Groups (4) and (5) are referred to as UCN-01/20 Gy and 20 Gy/UCN-01, respectively, throughout this paper. These groups were used to investigate the effect of UCN-01 sequence on tumor pO2 and growth. For tumor pO2 measurements, the mice were anesthetized (1.5% isoflurane, 30% FiO2) and positioned in the EPR magnet. A warm air blower and a heated water pad were used to keep the animal warm. The rectal temperature of the animal was monitored and maintained at 37 ± 0.5°C during the measurements. The tumor pO2 was measured for 25 min each day for 6 consecutive days (day 0–day 5) using multisite EPR oximetry. The osmotic pumps were implanted in the mice of groups (3) and (4) on day 0 (i.e. time 0) after baseline pO2 measurements. Approximately 12 h later, the tumors of group (4) were irradiated with 20 Gy; tumor pO2 was measured each day thereafter for 5 successive days. A similar protocol was followed for group (3), but the tumors were not irradiated. The tumors of group (5) were irradiated on day 0 and the pumps were implanted 12 h later for UCN-01 treatment; the measurements were continued as described for the other groups. The tumor was measured each day prior to pO2 measurements and the volume was calculated by a standard procedure (volume = π/6 × length × width2) for 7 consecutive days. The tumor pO2 and volume measured on day 0 prior to any treatment are regarded as the baseline values.
A paired t test was used to determine the statistical significance of changes in pO2 and tumor volume within the group, and an unpaired t test was used to determine the statistical significance of differences between groups. The paired comparison reduces the animal to animal heterogeneity and eliminates differences of the baseline pO2. The correlation coefficients between the changes in tumor pO2 and volume were determined using the statistical package S-Plus 6.1. All data are expressed as means ± SE.
The mice were selected randomly at 24 and 48 h after UCN-01 treatments to determine the plasma concentration of UCN-01. The HPLC results indicated 91 ± 27 nM (n = 4) and 101 ± 28 nM(n = 3) UCN-01 concentrations at 24 and 48 h, respectively. No significant difference in the plasma concentration of UCN-01 at 24 and 48 h was observed. We did not see any apparent toxicity due to UCN-01 treatments in these mice.
The tumor pO2 measured over 6 consecutive days in the five experimental groups is shown in Fig. 1. No significant difference in the baseline tumor pO2 between groups was observed. The tumor pO2 of the control and UCN-01 alone groups did not change significantly during 5 days of subsequent measurements. However, the tumor pO2 of the group irradiated with 20 Gy increased significantly on days 3 to 5. The tumor pO2 on days 4 and 5 after irradiation were significantly higher than the corresponding tumor pO2 of controls and UCN-01 alone groups. A highly significant increase in tumor pO2 was observed in the UCN-01/20 Gy group from day 1 onward, and the tumor pO2 remained at significantly higher levels at around 16–28 mmHg during 5 days of consecutive measurements.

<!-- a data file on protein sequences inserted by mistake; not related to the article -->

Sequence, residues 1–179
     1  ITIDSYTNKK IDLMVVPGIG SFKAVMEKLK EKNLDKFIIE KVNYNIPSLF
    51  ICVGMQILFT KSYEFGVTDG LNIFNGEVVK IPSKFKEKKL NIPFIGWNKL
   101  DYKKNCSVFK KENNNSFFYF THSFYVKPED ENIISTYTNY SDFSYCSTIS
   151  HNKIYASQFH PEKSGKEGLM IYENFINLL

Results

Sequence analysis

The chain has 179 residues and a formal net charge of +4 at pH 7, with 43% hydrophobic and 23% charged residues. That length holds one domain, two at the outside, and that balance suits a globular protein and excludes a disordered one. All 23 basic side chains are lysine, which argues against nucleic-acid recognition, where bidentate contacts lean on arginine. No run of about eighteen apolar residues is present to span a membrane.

The tissue pO2 of the 20 Gy/UCN-01 tumors also increased significantly from day 1 compared to baseline pO2, and the tumor pO2 remained at 23–30 mmHg during 5 days of consecutive measurements. The increases in tumor pO2 observed from day 1 in UCN-01/20 Gy and 20 Gy/UCN-01 groups were not significantly different from each other during 5 days of consecutive measurements. However, these tumor pO2 were significantly higher than the control (day 1–day 5), 20 Gy (day 1–day 4) and UCN-01 (day 1–day 5) groups.
The baseline tumor volume and the effect of radiation and/or UCN-01 treatment on tumor growth are shown in Fig. 2. There were no significant differences between the groups in baseline tumor volume. The volumes of the control tumors increased significantly. The treatment with 20 Gy resulted in tumor growth delay, but the tumor volumes observed on days 5 and 6 were significantly higher than the pretreatment tumor volume (day 0). The tumors treated with UCN-01 alone also showed a decline in tumor growth, although the tumor volumes were also significantly higher than the baseline from day 3.
In contrast to the other groups, the tumors treated with UCN-01/20 Gy showed a significant decrease from the pretreatment volume from day 2. The 20 Gy/UCN-01 treatment also resulted in a significant tumor inhibition compared to pretreatment from day 2. Notably, the tumor volumes of the UCN-01/20 Gy and 20 Gy/UCN-01 groups were significantly lower from day 2 compared to all other groups. However, the tumor growth inhibition observed in the UCN-01/20 Gy and 20 Gy/UCN-01 groups were similar during the entire course of measurements.
No significant correlation was observed between tumor pO2 and tumor volume in the control, 20 Gy and UCN-01 alone groups (data not shown). However, a significant correlation between tumor pO2 and volume measured on day 1 to day 5 was observed in the UCN-01/20 Gy (r average = −0.66, P = 0) and 20 Gy/UCN-01 groups (r average= −0.6, P = 0.002) (Fig. 3 and Fig. 4).